Archaeologists uncover 2,000-year-old 'lost' road built by Pontius Pilate

The pavement and the solid foundation that was left exposed. [Image:Mirror]

A 2,000-year-old 'lost' street built in Jerusalem by Pontius Pilate has been uncovered for the first time since the city was sacked by the Romans in 70AD.

The ancient walkway most likely used by pilgrims as they made their way to worship at the Temple Mount was first discovered in 1894 by British archaeologists in the "City of David" within the walls of Jerusalem.

Researchers have now found more than 100 coins beneath the paving stones that date the street to around the year 31AD.

The finding provides strong evidence that the street was commissioned by Pontius Pilate, the Roman governor of the province Judaea, best known for being the official who presided over the trial of Jesus and ordered his crucifixion.

After six years of extensive archaeological excavations, researchers from the Israel Antiquities Authority and Tel Aviv University have uncovered a 220 metre-long section of an ancient street

The walkway ascends from the Pool of Siloam in the south to the Temple Mount.

Both monuments are hugely significant to followers of Judaism and Christianity.

The Temple Mount, located within the Old City of Jerusalem, has been venerated as a holy site for thousands of years.

At the time of the street's construction, it is where Jesus is said to have cured a man's blindness by sending him to wash in the Siloam Pool.

The excavation revealed more than 100 coins trapped beneath paving stones.

The latest coins were dated between 17AD and 31AD, which provides firm evidence that work began and was completed during the time that Pilate governed Judea.

This location map marks excavation sites. [Image: Mirror]

Study co-author Dr Donald Ariel, an archaeologist and coin expert with the Israel Antiquities Authority, said: "Dating using coins is very exact.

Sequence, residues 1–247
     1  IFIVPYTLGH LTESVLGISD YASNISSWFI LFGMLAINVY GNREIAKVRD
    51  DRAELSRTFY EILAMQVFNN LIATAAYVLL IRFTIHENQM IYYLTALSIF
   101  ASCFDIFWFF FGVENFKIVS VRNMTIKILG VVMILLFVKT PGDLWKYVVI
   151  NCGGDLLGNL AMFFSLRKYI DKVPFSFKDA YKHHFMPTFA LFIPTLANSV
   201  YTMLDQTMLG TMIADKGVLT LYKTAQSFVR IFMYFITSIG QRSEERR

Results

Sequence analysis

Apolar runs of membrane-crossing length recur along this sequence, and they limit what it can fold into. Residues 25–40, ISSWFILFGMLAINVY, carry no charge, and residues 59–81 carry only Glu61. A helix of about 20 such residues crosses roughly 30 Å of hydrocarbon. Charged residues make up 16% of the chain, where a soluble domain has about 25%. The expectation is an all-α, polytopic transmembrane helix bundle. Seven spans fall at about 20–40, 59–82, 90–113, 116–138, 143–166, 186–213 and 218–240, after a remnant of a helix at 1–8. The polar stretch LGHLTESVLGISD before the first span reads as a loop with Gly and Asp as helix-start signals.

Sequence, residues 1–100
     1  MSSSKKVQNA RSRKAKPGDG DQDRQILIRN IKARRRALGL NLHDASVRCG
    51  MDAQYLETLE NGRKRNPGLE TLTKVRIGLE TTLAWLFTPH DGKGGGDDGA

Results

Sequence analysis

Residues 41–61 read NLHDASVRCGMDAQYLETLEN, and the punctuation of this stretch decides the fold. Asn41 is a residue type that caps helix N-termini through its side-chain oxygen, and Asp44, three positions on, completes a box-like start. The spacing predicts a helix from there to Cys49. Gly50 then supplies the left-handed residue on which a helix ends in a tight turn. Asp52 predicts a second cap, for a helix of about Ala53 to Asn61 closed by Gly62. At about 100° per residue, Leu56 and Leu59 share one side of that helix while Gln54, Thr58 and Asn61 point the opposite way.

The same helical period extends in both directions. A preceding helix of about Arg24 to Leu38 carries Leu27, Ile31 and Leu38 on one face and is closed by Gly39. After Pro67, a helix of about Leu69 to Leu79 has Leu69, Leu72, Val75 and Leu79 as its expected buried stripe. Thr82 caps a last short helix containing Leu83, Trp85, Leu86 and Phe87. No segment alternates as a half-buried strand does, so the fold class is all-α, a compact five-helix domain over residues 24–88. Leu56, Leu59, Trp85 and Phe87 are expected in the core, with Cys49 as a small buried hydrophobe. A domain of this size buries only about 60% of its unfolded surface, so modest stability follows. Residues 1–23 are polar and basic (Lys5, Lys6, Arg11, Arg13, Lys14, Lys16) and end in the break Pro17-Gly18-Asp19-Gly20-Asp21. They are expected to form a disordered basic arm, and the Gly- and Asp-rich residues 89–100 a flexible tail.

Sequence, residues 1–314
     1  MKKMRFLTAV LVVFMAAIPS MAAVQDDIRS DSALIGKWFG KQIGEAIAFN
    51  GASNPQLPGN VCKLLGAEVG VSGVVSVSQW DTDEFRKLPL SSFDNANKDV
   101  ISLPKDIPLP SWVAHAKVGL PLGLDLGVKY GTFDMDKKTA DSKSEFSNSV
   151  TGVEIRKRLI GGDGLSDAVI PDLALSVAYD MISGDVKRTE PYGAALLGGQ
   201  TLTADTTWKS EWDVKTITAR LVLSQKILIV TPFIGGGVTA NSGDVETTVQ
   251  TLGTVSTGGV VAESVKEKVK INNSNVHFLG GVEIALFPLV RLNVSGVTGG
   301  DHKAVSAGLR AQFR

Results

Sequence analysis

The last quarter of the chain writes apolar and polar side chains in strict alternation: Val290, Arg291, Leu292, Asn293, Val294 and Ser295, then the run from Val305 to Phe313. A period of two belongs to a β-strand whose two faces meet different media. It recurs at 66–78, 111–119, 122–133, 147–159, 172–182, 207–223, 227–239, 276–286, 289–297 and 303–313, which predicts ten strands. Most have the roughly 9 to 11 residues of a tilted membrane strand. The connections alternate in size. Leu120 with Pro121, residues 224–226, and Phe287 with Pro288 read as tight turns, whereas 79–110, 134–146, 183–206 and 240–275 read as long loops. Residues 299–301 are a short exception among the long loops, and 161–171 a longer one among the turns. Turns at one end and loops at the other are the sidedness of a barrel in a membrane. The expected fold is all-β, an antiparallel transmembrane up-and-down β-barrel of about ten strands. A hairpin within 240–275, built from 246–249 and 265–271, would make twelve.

"As some coins have the year in which they were minted on them, what that means is that if a coin with the date on it is found beneath the street, the street had to be built in the same year or after that coin had been minted, so any time after.

"However, our study goes further, because statistically, coins minted some 10 years later are the most common coins in Jerusalem, so not having them beneath the street means the street was built before their appearance, in other words only in the time of Pilate."

The street - 600 metres long and around eight metres wide - was paved with large stone slabs, as was customary throughout the Roman Empire.

The researchers estimate that some 10,000 tons of quarried limestone rock was used in its construction, which the research team say would have required considerable skill.

The opulent and grand nature of the street coupled with the fact that it links two of the most important spots in Jerusalem - the Siloam Pool and Temple Mount - is strong evidence that the street acted as a pilgrim's route.

Co-author Dr Joe Uziel, of the Israel Antiquities Authority, said: "If this was a simple walkway connecting point A to point B, there would be no need to build such a grand street.

"At its minimum, it is eight metres wide. This, coupled with its finely carved stone and ornate 'furnishings' like a stepped podium along the street, all indicate that this was a special street."

Study author Nahshon Szanton added: "Part of it may have been to appease the residents of Jerusalem, part of it may have been about the way Jerusalem would fit in the Roman world, and part of it may have been to aggrandize his name through major building projects."

The paving stones of the street were found hidden beneath layers of rubble, thought to be from when the Romans captured and destroyed the city in 70AD.

The rubble contained weapons, including arrowheads and sling stones, remains of burnt trees, and collapsed stones from the buildings along its edge.

The researchers say it is possible that Pilate had the street built to reduce tensions with the Jewish population.

Dr Ariel added:"We can't know for sure, although all these reasons do find support in the historical documents."

The study was published in Tel Aviv: Journal of the Institute of Archaeology of Tel Aviv University.